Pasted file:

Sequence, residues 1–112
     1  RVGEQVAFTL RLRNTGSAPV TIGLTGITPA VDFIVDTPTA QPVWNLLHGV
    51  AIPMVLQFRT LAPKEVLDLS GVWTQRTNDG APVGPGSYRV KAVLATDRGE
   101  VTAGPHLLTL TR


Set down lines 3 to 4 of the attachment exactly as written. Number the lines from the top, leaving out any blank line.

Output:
    51  AIPMVLQFRT LAPKEVLDLS GVWTQRTNDG APVGPGSYRV KAVLATDRGE
   101  VTAGPHLLTL TR